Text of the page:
"Five Fine Planets and a Star that Exploded in 1054 A.D.!"

Scheduled air date: 2003 Apr 14-20

In the early evening sky, three planets can be seen in the west—Mercury, Saturn and Jupiter.  On April 16th, Mercury will be at greatest eastern elongation—the point in its orbit which appears farthest eastward of the Sun as seen from Earth—and should therefore be quite easy to see.  This week Saturn appears near the famous Crab Nebula (also known as M1), which is the remnant of a star that appeared as a brilliant supernova in Earth's skies almost 950 years ago (see inset)!
(Shown about an hour after sunset on April 21st for mid-northern latitudes.  Inset shows a binocular view of Saturn and M1 on the same evening.)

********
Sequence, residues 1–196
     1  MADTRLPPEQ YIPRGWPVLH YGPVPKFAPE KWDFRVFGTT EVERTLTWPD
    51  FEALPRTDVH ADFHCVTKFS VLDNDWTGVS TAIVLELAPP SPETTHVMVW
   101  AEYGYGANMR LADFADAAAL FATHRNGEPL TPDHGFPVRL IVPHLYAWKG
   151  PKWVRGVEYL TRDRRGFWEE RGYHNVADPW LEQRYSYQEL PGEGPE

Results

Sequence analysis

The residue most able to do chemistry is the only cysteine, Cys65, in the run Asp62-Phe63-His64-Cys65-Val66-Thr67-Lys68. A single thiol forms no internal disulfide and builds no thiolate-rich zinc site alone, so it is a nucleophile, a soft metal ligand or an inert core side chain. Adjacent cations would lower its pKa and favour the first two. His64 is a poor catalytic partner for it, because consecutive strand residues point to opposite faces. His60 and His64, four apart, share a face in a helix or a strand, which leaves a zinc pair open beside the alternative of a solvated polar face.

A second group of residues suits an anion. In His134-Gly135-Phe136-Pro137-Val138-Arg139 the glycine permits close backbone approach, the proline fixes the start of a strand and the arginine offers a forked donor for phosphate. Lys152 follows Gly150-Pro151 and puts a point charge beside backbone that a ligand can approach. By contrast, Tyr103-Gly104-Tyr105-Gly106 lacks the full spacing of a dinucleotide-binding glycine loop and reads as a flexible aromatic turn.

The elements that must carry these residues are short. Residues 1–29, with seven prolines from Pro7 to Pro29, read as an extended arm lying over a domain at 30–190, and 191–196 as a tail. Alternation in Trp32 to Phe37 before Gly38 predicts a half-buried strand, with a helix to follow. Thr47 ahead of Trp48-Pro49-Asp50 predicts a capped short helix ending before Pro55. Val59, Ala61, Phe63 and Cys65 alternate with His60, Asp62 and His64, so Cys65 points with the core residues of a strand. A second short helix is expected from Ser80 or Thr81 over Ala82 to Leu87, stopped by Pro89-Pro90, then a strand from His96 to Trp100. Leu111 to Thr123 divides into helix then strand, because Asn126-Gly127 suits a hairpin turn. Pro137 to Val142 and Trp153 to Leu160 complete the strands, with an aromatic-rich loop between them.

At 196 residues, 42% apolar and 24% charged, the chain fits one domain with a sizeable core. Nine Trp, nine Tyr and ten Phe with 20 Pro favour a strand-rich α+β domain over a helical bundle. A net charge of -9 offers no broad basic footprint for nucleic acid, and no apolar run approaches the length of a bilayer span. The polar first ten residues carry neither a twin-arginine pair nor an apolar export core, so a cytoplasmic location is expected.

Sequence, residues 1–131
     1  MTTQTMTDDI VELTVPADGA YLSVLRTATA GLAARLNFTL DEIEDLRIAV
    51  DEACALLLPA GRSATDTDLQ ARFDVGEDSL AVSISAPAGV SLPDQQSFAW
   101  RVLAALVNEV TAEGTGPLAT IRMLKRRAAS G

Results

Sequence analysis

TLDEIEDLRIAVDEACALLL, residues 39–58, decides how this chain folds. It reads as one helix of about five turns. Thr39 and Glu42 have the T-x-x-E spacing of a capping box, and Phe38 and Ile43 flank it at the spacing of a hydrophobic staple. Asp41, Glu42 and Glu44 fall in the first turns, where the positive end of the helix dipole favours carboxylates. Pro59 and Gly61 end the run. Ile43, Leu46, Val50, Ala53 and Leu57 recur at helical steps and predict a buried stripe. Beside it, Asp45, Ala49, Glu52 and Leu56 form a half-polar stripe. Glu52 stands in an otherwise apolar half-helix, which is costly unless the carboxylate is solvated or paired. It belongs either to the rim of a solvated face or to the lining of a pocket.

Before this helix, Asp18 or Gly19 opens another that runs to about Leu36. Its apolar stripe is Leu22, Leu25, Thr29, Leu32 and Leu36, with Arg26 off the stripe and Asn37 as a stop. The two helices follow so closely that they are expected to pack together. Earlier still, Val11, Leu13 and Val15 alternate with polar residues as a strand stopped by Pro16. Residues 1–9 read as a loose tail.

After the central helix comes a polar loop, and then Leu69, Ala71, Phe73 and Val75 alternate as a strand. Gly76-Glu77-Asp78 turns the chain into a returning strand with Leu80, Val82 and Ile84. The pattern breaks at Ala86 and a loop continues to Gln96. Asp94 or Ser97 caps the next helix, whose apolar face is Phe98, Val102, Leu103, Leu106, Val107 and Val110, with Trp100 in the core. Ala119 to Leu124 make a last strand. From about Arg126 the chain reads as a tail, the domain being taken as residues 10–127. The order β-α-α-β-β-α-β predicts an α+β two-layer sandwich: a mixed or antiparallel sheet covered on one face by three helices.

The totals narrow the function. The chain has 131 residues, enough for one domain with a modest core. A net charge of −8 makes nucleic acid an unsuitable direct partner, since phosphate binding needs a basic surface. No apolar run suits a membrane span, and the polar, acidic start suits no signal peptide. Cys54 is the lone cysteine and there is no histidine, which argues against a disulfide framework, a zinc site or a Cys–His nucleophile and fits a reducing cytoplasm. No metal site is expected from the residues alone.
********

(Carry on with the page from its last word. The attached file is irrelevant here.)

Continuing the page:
In the morning sky, two more planets—Mars and Venus—can be seen in the east.  They will be visited by the Waning Crescent Moon on the mornings of April 23rd and 28th, respectively.
(Shown about half an hour before sunrise for mid-northern latitudes.)

If you wish to view illustrations for other episodes, please see our Star Gazer Illustrated directory.

Illustrations on this page were created using TheSky Astronomy Software, an advanced desktop planetarium program designed for Windows.

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